Those Beautiful Eyes: How a Photographer Uses Sharp Eyes to Convey Emotions

Photo of a sparrow perched on a tre limb looking at the viewer. The Eyes Have It, 500 mm, 1/800 second, f/6.3, ISO 800 © Sastry Karra
The Eyes Have It, 500 mm, 1/800 second, f/6.3, ISO 800 © Sastry Karra

By Sastry Karra

It is often said that the eyes are a window to the soul. The face of any living creature is usually the first thing that catches our attention, and the eyes are where we instinctively and immediately go. The eye figures prominently when it comes to conceptions of beauty. Sight (looking at others) is also a form of communication, an instinct that we inherit at birth, similar to art and music. Sometimes, poets emphasize that eyes speak what lips can’t. So, the eyes of a subject can mean many things and it makes perfect sense that one of the first rules of wildlife photography is to make sure the eyes are sharp.

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Bird Photography with Tamron’s 150-500 Ultra-Telephoto Zoom Lens

Two birds perched on a branch. On the right, a male bluebird has food in its beak, ready to feed a juvenile bluebird, left, with its mouth open.
A male bluebird is bringing food to a juvenile bluebird. © Ken Hubbard

By Ken Hubbard

I recently took a road trip to Goshen’s Falconry Excursions in upstate New York. It’s an amazing place with all kinds of birds of prey—owls, eagles, hawks, falcons, and vultures, among others. The owner has set up one of the largest privately owned and operated raptor breeding programs in the country. On my camera for this birding adventure was the new Tamron 150-500mm F/5-6.7 Di III VC VXD (Model A057), an ultra-telephoto zoom that’s Tamron’s first model for Sony E-mount full-frame mirrorless cameras equipped with Vibration Compensation (VC) technology. It can also be used with APS-C cameras for that extra crop factor.

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Close Encounter

Reddish egrets - white and dark morphs - are not often seen together. In this photo, the white morph on the left seems to be staring at the dark morph on the right as both birds stand in a marsh. © Bill Kracov Photography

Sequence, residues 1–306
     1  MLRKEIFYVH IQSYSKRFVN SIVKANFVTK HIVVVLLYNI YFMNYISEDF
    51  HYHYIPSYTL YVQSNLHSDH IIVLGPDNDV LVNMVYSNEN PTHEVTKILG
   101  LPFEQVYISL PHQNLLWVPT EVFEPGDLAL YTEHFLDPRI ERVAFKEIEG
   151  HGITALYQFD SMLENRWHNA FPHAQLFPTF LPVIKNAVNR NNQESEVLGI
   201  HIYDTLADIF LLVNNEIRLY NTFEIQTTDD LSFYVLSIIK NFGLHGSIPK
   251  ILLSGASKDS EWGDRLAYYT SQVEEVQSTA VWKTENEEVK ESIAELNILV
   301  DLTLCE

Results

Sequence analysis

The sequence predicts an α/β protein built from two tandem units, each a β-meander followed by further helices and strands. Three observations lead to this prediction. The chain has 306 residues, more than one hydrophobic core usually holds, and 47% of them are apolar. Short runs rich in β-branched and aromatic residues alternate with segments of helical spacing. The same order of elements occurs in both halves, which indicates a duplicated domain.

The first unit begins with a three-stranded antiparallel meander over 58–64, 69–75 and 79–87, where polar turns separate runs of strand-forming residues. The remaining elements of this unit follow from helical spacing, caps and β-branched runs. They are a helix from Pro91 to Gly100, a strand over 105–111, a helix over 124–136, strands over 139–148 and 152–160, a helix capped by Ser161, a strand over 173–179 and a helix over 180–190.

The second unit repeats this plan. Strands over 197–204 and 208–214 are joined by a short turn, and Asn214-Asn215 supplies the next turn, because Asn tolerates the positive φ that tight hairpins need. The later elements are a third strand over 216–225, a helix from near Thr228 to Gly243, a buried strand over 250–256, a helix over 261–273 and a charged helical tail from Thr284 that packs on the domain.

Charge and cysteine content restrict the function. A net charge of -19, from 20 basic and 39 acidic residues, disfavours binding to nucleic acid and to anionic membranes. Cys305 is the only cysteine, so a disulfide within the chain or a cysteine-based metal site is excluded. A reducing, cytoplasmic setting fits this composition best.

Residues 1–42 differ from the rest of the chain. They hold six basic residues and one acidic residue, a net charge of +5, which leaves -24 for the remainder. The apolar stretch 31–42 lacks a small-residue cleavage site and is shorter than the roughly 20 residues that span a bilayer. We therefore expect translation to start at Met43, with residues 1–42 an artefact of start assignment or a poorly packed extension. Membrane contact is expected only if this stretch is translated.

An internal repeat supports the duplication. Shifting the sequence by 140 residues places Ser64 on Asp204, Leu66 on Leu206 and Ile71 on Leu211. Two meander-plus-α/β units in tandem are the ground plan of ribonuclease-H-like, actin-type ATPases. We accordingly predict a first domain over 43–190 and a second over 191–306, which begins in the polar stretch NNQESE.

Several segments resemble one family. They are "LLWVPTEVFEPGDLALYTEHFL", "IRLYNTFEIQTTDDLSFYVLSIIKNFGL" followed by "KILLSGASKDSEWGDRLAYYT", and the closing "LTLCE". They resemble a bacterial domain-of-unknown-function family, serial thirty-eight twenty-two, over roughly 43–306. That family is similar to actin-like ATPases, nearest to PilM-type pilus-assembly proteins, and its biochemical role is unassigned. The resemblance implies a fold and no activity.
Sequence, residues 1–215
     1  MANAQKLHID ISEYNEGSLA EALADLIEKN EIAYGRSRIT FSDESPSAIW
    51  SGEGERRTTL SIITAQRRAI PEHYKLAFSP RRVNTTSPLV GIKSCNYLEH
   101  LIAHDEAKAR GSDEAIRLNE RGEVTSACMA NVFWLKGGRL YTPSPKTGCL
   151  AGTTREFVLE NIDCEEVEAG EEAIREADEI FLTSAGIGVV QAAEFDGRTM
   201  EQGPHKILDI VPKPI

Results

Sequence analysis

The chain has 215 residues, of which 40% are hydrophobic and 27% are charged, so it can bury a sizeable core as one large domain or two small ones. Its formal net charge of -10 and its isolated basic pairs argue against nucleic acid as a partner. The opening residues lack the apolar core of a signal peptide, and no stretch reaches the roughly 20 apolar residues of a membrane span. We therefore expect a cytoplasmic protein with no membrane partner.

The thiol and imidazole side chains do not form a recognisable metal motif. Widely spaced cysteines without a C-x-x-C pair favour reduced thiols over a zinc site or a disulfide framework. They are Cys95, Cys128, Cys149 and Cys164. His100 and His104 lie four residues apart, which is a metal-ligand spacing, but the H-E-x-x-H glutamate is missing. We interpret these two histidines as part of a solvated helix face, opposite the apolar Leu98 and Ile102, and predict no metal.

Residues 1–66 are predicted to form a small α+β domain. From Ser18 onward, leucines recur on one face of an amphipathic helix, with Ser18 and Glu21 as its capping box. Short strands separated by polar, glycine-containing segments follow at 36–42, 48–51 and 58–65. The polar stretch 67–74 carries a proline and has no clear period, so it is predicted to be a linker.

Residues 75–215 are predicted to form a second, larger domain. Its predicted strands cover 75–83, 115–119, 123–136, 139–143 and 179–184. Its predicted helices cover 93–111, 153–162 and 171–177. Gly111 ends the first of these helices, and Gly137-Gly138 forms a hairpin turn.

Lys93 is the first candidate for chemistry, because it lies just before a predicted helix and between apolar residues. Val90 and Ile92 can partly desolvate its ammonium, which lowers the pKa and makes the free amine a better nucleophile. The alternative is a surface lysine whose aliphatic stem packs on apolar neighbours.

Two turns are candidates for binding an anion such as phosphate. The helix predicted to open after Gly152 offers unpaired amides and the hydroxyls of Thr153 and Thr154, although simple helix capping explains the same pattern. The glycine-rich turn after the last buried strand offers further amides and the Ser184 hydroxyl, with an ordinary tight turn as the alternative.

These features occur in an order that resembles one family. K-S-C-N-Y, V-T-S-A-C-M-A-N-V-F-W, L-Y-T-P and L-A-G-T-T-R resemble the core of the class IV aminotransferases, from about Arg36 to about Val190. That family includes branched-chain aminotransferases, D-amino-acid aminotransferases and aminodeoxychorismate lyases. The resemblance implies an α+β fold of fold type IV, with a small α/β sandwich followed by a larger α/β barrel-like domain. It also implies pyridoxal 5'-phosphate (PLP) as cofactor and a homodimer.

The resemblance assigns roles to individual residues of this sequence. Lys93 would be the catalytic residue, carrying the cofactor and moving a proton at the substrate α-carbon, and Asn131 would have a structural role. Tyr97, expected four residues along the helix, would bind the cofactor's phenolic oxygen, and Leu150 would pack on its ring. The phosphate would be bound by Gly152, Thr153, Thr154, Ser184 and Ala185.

Reddish egrets – white and dark morphs – are not often seen together. © Bill Kracov Photography

By Frank Gallagher, NANPA Blog Coordinator

Bill Kracov photographed these egrets back in 2015 but only recently posted the shot to the NANPA Facebook group where the 21,000 members showered it with more than 1,500 interactions and 124 comments, and counting. It was one of the most popular posts in the group during April. So, what makes it so engaging? To find out, we talked with Kracov.

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Top Six Tips for Standout Bird Photographs

Cedar Waxwing (Bombycilla cedrorum) feeding on crabapple fruit in late winter, Ithaca, New York, USA. Canon EOS 7D, EF 500mm f/4 IS USM lens, 1.4X extender, Gitzo tripod. 1/1250 second, f/5.6, ISO 800.
Cedar waxwing (Bombycilla cedrorum) feeding on crabapple fruit in late winter, Ithaca, New York, USA. Canon EOS 7D, EF 500mm f/4 IS USM lens, 1.4X extender, Gitzo tripod, 1/1250 second, f/5.6, ISO 800. © Marie Read

By Marie Read

Whether beautiful or bizarre, colorful or cryptic, exuberant or elusive, birds captivate us with their spirited ways and fascinating lifestyles. It’s no wonder they top the list of favorite subjects for many nature photographers. That’s been true since the dawn of nature photography, even more so since the digital age brought getting great photos within reach of anyone with a camera. The result is a world saturated with gorgeous bird imagery. So, how do you create images that stand out from the crowd? Once you’ve mastered the classic portrait, take your photos to the next level: make more meaningful images by showing the bird in its habitat or by capturing its behavior. Here are a few tips to help you.

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Photographing Hummingbirds: A Pandemic Escape

Hummingbirds getting ready to migrate. (The right front is an adult male Rufous; the other three appear to be Broad bills.) © Debbie McCulliss
Hummingbirds getting ready to migrate. (The right front is an adult male Rufous; the other three appear to be Broad bills.) f/6.3, 250mm, ISO 640, 1/8000 sec. © Debbie McCulliss

By Debbie McCulliss

On the snowy first couple of weeks of this past spring, to lessen pandemic anxiety, I was thinking of migration—movement from one region to another. It was timely. Epic animal migrations take place every spring. Some of the feats that these animals accomplish, crossing oceans, traveling without stopping, are unthinkable. Their destinations are clear and instinctual.